In Surendra Kumar v. State of Bihar (1984) 4 SCC 609, this Court referred to an earlier decision in Suman Gupta v. State of J. & K. AIR 1983 SC 1235, wherein the Court had observed that there is nothing like unfettered discretion of the executive authority to nominate the candidate for admission to medical course under the reciprocal arrangement and observed that recommendations made at the instance of the Chief Minister de hors the merit of the candidates who had applied for admission was blatant abuse of power by the Chief Minister.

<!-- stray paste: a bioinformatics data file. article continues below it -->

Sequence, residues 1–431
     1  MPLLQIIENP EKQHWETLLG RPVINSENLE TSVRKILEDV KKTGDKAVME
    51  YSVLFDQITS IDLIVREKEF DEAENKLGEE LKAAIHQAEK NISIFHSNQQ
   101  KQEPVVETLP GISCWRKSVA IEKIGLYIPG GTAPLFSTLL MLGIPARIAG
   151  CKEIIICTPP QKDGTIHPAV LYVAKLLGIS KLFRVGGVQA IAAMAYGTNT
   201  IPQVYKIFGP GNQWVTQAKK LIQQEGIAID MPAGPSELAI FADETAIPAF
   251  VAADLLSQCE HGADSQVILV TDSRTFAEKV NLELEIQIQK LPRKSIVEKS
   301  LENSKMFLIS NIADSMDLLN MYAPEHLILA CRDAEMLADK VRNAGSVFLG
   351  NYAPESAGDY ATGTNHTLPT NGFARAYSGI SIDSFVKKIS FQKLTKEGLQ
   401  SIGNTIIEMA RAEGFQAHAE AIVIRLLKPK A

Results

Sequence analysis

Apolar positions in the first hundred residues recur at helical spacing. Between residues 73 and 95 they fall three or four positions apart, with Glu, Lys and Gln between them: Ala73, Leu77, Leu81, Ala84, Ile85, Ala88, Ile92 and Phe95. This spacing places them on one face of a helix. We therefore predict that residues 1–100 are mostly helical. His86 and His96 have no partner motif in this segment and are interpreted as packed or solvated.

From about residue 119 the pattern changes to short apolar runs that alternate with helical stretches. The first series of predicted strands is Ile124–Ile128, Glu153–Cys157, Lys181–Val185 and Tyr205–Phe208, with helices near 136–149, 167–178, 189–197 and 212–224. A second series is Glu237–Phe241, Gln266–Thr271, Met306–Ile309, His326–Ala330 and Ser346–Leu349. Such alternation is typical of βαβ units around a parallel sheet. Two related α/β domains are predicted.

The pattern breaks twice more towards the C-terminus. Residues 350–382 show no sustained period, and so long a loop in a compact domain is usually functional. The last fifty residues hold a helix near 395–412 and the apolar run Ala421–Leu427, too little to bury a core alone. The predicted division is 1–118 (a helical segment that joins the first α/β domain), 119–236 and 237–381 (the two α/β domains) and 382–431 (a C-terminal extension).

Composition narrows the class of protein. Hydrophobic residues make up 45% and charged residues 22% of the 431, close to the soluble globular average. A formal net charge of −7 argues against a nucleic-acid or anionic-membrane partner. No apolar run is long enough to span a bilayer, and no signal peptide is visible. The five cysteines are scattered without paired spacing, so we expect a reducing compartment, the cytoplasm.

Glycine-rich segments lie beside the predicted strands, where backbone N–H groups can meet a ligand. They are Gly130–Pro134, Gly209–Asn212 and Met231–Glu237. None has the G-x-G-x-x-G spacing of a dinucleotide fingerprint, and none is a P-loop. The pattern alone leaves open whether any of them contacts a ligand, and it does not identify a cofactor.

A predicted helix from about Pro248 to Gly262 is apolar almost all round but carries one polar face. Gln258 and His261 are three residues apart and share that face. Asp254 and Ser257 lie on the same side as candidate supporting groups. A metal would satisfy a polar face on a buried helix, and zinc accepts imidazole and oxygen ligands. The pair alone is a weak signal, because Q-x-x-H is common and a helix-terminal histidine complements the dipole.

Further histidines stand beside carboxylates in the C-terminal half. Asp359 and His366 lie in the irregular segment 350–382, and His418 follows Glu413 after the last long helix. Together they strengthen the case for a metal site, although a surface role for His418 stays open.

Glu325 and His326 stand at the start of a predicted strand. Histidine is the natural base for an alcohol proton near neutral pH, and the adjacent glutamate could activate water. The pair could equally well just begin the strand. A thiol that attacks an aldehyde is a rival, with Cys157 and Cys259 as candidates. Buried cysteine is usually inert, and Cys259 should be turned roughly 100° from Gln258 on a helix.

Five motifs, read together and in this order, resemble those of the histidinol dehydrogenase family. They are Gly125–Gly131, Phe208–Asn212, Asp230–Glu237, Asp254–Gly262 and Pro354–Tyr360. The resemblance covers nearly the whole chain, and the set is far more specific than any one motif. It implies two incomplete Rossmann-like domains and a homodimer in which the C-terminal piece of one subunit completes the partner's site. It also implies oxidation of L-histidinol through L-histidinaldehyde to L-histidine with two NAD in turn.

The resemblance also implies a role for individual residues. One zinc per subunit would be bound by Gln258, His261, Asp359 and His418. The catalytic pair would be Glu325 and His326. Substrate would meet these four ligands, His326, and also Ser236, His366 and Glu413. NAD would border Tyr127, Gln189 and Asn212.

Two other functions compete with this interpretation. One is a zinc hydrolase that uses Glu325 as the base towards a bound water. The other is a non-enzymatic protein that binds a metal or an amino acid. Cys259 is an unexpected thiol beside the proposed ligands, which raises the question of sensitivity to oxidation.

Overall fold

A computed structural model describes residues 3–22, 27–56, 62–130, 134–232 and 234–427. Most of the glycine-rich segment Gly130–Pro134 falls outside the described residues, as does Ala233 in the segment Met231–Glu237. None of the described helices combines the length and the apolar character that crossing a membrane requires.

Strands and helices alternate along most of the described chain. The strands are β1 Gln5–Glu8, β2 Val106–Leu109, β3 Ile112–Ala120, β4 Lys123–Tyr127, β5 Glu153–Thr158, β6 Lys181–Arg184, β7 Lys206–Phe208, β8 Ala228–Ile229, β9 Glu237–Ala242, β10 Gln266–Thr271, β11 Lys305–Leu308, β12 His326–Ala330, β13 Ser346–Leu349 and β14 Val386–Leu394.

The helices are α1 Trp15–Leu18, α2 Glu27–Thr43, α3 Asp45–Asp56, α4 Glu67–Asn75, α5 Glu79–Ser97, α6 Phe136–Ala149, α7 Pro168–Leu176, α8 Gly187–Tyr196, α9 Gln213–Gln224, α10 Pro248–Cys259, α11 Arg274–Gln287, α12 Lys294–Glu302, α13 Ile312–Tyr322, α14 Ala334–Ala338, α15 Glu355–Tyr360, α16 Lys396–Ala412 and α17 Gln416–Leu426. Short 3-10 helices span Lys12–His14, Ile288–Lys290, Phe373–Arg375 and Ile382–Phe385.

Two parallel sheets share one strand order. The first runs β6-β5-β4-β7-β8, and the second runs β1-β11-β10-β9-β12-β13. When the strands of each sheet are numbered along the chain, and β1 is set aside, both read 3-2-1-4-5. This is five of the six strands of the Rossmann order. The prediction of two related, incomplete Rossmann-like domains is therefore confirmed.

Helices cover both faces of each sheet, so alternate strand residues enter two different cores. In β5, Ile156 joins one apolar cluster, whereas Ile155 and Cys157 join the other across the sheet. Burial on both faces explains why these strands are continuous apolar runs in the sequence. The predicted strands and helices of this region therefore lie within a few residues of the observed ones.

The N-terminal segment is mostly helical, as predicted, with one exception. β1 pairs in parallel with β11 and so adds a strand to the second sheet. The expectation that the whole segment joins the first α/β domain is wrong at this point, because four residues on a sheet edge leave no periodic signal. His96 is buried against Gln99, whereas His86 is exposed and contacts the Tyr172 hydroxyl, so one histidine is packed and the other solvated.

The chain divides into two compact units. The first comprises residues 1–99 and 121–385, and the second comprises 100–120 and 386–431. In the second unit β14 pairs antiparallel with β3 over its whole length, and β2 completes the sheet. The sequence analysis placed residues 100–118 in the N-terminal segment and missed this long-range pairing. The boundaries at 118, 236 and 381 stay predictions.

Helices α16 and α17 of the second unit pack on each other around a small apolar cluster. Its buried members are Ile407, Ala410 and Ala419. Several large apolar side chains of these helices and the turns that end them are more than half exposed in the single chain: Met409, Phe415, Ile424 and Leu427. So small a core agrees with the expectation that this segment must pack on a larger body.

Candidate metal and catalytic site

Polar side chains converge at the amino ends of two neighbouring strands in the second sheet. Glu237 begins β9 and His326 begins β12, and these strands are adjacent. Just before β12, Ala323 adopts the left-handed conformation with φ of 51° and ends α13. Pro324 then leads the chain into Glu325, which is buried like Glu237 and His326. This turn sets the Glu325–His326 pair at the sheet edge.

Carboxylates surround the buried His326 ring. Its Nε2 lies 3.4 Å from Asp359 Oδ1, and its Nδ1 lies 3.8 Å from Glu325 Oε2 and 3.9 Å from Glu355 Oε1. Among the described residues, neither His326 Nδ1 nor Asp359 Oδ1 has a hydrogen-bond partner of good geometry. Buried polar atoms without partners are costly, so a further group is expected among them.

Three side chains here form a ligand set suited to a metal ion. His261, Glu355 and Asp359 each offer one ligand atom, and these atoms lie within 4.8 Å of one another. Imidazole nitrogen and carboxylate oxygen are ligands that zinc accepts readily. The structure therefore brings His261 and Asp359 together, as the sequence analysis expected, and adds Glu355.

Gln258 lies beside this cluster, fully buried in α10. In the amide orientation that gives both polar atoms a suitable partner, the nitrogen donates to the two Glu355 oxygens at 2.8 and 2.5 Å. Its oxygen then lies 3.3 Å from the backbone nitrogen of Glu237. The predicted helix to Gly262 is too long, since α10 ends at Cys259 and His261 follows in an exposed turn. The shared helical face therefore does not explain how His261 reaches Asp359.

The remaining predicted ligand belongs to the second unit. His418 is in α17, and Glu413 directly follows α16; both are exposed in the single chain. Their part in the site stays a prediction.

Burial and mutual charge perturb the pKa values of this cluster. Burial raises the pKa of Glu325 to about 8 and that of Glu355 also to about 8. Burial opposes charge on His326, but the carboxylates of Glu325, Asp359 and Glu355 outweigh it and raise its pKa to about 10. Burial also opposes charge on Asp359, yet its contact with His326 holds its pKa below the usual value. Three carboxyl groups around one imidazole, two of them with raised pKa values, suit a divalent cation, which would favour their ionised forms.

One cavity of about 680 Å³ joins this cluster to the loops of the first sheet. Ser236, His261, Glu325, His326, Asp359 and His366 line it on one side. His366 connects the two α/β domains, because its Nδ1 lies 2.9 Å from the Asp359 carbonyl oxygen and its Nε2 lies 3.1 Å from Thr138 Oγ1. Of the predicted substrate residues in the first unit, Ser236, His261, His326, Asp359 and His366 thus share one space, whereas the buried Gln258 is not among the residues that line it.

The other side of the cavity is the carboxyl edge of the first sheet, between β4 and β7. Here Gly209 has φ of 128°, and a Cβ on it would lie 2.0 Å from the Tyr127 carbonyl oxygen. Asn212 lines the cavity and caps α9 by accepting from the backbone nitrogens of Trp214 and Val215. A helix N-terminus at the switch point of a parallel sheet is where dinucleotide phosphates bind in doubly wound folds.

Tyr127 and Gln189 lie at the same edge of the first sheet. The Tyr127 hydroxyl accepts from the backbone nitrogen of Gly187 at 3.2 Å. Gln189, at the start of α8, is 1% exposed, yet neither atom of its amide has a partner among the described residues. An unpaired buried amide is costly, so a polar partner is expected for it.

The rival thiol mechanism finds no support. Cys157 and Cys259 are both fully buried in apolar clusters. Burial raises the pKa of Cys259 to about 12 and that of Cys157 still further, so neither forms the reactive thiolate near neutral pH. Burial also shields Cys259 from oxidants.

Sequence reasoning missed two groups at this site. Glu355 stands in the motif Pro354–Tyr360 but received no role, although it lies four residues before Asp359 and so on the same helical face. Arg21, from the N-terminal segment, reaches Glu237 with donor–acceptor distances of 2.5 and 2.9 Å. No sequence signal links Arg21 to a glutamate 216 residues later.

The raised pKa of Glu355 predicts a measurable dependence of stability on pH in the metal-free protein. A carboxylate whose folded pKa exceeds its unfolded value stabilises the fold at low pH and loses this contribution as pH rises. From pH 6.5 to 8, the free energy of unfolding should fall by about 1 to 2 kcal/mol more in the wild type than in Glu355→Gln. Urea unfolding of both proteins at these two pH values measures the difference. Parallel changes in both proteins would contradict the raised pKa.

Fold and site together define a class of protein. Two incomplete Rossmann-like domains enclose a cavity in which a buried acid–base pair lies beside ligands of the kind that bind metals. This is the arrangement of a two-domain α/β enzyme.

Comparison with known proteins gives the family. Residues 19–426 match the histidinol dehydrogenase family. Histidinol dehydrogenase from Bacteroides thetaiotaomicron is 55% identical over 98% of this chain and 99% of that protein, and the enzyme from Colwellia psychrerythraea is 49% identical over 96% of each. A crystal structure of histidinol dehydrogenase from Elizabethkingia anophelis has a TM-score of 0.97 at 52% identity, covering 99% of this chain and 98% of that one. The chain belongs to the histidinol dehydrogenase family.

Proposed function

In Shivajirao Nilangekar Patil v. Mahesh Madhav Gosavi (1987) 1 SCC 227, the question considered by this Court was whether the marks awarded to the daughter of the appellant, who was at the relevant time the Chief Minister of the State of Maharashtra had been changed at his instance or to please him. The respondent had challenged the result of the appellant’s daughter of MD examination by alleging that his daughter was shown favour by increasing her marks. The learned Single Judge, after examining the record produced before him, came to the conclusion that tampering of the grade-sheets was done by Dr. Rawal at the behest of respondent Nos.3 and 4. The Division Bench of the High Court rejected the prayer for permission to adduce additional evidence and dismissed the appeal with an observation that the conclusion arrived at against the appellant should be treated as merely in the nature of an adverse comment and not a finding of fact. This Court extensively considered the matter, referred to some of the precedents and observed: